Exposure Assessment Models



SERAFM Conceptual Model - SERAFM is a process-based, steady-state modeling system based in a spreadsheet framework incorporating a series of process modules. SERAFM predicts speciated mercury concentrations (Hg0, HgII, MeHg, HgT) in water (filtered and unfiltered) and sediments, and total mercury concentrations in fish tissue. Using this information exposure risk hazard indices are estimated for a series of exposed wildlife. Three scenarios of historical contamination from contaminated sediments, reference conditions, and feasible remediation concentrations are simultaneously and instantaneously predicted. SERAFM is not a priori predictive, but rather requires site-specific calibration. This is a challenge due to the limits of understanding in mercury process science, and is inherent in any process-based modeling structure. SERAFM was specifically developed to serve as a screening-level tool to investigate mercury cycling and exposure concentrations in water bodies and associated impacted wildlife exposure risk, as well as a research tool to investigate mercury processes within the watershed and water body.

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Engineer, Scientist, Biologist, Researcher

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SERAFM is a steady-state, process based mercury cycling model designed specifically to assist a risk assessor or researcher in estimating mercury concentrations in the water column, sediment, and fish tissue for a given water body for a specified watershed. SERAFM predicts mercury concentrations in these media for the species Hg0, HgII, and MeHg. The model runs three simultaneous scenarios. One scenario is for historically contaminated sediment, where the total mercury concentration in sediments is known. This scenario would be effective, for example, for modelling a Superfund site where the sediment is acting as a loading source to the system. In this first case, the total mercury concentration in the sediment is entered into the model as a known parameter. The second scenario is a hypothetical background or reference condition, which is defined as the condition as if no historical loading of mercury had occurred at this site. Therefore, the mercury concentrations in water and sediment are calculated with no known mercury sediment concentration, but rather the total mercury concentration sediment is directly calculated by the model. Mercury loadings to the water body come from atmospheric deposition and watershed erosion and runoff, and, in this scenario, the water body sediments act as a sink rather than a possible source to the system. Using the calculated results of these two scenarios, a third scenario is run as a proposed, possible sediment clean-up goal using a linear interpolation of the calculated sediment concentration and the hazard indices of the identified most sensitive species as a gauge for the proposed clean-up sediment concentration. Then, from this information, the concentrations of mercury in the water body and fish tissue are calculated, and wildlife and human hazard indices are calculated. The series of sub-modules within SERAFM include: mercury loading (watershed and atmospheric deposition); abiotic and biotic solids balance (soil erosion, settling, burial, and resuspension), equilibrium partitioning; water body mercury processes; and wildlife risk calculations.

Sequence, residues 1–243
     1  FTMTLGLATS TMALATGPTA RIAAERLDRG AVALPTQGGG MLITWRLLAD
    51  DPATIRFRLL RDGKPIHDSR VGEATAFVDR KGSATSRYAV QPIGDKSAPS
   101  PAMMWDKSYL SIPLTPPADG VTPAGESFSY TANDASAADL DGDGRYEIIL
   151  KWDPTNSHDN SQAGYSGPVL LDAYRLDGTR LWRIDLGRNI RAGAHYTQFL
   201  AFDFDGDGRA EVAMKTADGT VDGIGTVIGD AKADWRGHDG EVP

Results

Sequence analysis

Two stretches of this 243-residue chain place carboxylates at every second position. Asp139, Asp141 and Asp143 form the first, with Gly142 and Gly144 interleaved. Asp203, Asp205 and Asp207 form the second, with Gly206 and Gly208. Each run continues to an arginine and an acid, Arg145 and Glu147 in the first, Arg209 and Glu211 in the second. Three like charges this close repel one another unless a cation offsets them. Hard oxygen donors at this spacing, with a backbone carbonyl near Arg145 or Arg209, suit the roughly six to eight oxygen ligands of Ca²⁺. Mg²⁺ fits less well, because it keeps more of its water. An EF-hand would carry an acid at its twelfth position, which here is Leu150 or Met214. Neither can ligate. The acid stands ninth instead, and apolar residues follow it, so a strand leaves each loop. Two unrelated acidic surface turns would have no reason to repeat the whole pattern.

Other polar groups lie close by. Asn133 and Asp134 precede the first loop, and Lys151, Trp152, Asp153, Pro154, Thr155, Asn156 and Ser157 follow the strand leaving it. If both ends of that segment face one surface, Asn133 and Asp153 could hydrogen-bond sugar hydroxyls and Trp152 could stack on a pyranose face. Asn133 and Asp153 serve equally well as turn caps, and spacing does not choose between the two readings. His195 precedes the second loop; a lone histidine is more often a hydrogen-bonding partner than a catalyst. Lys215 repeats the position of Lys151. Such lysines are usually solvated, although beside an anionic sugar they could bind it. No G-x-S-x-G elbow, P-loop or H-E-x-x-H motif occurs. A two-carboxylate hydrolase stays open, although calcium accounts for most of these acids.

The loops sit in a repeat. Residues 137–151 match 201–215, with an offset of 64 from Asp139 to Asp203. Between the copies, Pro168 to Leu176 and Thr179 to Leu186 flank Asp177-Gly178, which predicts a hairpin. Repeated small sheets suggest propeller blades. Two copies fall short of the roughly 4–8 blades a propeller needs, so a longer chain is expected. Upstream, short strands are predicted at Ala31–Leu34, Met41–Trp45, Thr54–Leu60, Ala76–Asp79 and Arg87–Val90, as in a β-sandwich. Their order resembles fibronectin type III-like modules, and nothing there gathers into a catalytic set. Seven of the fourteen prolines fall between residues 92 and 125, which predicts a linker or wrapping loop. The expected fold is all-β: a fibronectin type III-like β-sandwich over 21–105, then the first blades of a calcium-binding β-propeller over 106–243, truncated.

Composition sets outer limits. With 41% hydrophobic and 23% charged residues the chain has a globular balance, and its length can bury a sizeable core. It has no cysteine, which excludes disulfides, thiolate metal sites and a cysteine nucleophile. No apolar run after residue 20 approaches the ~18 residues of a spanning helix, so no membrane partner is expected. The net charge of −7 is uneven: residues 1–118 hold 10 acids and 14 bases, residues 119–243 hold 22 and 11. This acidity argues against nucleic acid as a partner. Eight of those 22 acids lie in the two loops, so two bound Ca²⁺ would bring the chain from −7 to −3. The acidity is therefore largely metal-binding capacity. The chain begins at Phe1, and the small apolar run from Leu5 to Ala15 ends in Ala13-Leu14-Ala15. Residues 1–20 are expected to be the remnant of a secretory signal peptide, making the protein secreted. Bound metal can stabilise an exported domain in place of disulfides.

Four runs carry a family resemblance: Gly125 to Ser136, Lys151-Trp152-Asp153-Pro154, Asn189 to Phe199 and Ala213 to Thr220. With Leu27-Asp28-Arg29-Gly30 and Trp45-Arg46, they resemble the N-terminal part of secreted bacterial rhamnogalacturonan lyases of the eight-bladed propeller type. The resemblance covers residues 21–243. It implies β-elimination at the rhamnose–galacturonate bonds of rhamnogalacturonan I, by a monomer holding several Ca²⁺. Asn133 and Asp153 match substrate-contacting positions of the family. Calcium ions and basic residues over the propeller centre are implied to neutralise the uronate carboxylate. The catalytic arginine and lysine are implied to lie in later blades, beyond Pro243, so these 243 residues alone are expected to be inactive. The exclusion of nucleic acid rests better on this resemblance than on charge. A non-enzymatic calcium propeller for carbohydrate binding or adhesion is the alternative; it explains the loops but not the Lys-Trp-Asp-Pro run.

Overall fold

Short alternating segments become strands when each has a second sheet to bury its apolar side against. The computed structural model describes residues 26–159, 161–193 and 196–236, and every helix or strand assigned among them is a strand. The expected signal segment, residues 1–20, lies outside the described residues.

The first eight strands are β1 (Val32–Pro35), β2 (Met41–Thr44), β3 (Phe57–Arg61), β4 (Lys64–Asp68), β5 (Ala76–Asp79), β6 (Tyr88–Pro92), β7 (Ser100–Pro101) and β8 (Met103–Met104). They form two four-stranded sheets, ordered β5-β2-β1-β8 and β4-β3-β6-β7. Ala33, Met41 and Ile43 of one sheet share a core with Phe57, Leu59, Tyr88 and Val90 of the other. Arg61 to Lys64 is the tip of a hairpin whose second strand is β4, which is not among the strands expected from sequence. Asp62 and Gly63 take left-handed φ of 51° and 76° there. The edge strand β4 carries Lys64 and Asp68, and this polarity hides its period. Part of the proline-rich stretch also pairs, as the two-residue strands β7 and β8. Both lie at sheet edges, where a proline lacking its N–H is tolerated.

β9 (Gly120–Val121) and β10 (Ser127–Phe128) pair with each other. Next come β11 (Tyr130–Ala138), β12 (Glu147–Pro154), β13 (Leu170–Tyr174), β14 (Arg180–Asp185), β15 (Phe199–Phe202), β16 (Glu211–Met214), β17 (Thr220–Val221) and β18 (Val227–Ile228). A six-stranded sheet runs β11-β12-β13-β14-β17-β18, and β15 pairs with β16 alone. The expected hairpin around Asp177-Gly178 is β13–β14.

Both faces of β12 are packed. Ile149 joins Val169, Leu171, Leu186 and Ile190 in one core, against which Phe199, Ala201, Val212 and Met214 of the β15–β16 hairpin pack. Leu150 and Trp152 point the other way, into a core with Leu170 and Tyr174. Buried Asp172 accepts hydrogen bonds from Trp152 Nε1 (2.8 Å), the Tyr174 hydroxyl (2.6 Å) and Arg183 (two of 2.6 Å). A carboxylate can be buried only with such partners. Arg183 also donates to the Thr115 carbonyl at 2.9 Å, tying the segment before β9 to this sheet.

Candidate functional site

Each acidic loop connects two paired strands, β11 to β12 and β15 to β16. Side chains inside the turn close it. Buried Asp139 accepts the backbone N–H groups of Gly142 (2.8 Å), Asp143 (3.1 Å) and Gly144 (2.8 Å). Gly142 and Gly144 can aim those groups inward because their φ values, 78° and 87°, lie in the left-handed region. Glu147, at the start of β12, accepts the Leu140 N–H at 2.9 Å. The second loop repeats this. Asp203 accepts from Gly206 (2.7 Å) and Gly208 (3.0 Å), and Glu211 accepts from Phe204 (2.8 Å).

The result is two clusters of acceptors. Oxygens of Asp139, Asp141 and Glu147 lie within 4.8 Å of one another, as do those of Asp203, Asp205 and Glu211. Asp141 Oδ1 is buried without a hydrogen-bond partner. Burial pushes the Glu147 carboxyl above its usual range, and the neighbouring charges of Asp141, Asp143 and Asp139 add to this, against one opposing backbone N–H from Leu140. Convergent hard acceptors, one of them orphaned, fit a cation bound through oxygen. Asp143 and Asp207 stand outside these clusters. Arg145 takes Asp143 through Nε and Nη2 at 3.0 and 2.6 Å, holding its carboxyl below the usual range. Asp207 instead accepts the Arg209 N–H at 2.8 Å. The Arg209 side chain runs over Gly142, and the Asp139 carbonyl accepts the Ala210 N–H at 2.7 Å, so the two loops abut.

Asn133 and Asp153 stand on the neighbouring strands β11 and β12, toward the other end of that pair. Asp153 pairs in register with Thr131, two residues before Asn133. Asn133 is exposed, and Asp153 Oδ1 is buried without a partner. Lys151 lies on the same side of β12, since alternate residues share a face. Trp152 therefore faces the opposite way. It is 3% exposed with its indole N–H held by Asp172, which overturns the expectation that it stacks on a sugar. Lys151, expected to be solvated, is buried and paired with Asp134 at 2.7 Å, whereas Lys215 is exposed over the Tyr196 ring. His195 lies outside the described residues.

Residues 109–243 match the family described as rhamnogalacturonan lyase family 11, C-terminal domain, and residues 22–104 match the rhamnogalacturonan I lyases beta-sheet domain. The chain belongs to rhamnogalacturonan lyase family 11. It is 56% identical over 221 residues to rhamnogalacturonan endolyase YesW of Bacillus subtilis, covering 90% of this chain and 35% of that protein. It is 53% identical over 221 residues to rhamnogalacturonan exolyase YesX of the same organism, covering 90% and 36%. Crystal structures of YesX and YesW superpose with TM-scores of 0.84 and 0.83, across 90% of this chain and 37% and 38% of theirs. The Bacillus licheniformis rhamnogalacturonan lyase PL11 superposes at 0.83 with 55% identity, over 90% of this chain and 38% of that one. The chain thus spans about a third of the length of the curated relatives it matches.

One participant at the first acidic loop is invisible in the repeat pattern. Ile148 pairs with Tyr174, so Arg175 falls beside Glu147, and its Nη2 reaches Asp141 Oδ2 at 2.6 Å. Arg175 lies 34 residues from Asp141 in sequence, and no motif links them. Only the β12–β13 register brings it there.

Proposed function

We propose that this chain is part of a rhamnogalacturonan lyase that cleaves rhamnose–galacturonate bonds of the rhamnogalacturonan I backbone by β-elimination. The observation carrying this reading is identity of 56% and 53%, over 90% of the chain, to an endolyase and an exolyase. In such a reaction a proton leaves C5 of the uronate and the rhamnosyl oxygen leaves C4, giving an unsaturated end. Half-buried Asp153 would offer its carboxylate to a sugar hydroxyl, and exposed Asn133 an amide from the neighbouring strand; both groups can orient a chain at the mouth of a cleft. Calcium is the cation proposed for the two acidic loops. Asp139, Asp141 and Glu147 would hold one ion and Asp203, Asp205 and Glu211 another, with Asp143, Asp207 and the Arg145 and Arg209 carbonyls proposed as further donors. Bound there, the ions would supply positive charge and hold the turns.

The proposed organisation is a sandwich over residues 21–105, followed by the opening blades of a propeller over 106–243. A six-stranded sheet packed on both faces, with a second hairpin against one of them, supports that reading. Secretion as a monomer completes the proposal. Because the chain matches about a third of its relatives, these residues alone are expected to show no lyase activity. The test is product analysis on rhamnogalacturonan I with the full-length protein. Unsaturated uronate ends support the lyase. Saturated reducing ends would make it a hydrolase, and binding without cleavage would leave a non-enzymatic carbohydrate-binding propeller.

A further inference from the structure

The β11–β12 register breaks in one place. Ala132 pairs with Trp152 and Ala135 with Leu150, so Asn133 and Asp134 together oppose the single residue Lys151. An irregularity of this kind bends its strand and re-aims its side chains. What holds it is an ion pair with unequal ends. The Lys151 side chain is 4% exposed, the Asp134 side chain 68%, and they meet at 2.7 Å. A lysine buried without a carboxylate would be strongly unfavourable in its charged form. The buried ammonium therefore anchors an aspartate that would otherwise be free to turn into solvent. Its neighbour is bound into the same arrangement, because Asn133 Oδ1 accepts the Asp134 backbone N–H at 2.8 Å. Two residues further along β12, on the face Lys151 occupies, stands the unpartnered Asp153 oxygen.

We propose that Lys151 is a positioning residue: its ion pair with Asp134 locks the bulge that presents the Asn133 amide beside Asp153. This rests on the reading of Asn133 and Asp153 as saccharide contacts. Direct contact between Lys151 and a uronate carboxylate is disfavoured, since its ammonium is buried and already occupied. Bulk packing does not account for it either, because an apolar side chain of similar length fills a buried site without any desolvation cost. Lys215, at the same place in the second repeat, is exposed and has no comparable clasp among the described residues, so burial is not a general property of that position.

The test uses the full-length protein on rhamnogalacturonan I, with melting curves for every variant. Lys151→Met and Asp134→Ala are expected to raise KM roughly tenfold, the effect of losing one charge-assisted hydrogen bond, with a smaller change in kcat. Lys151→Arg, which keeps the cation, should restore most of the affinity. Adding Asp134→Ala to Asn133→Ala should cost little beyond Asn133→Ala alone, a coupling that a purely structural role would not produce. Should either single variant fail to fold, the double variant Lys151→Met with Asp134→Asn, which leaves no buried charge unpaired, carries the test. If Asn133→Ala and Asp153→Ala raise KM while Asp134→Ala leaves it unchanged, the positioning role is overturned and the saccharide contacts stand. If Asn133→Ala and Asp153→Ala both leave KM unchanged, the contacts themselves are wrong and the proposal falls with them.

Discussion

SERAFM is solved using a steady-state assumption, therefore all differential, governing equations are solved by setting the differential to zero. Being a CSTR model, there are no required boundary or initial conditions. To solve the system of linear equations a function was written using Visual Basic for Applications (VBA) in Microsoft Excel 2003©. This is required because Microsoft Excel cannot solve a system of simultaneous, coupled equations. The specific function, called LINEAR_SOLVE, uses L-U Decomposition to solve the given linear algebra equation: A*x=b, where A is an m x n matrix, x is an n x 1 matrix, and b is an m x 1 matrix. By using a VBA function, the model predictions are updated instantaneously whenever any parameter is changed. The function was compared to analytical solutions for several test cases to validate that the function was operating properly.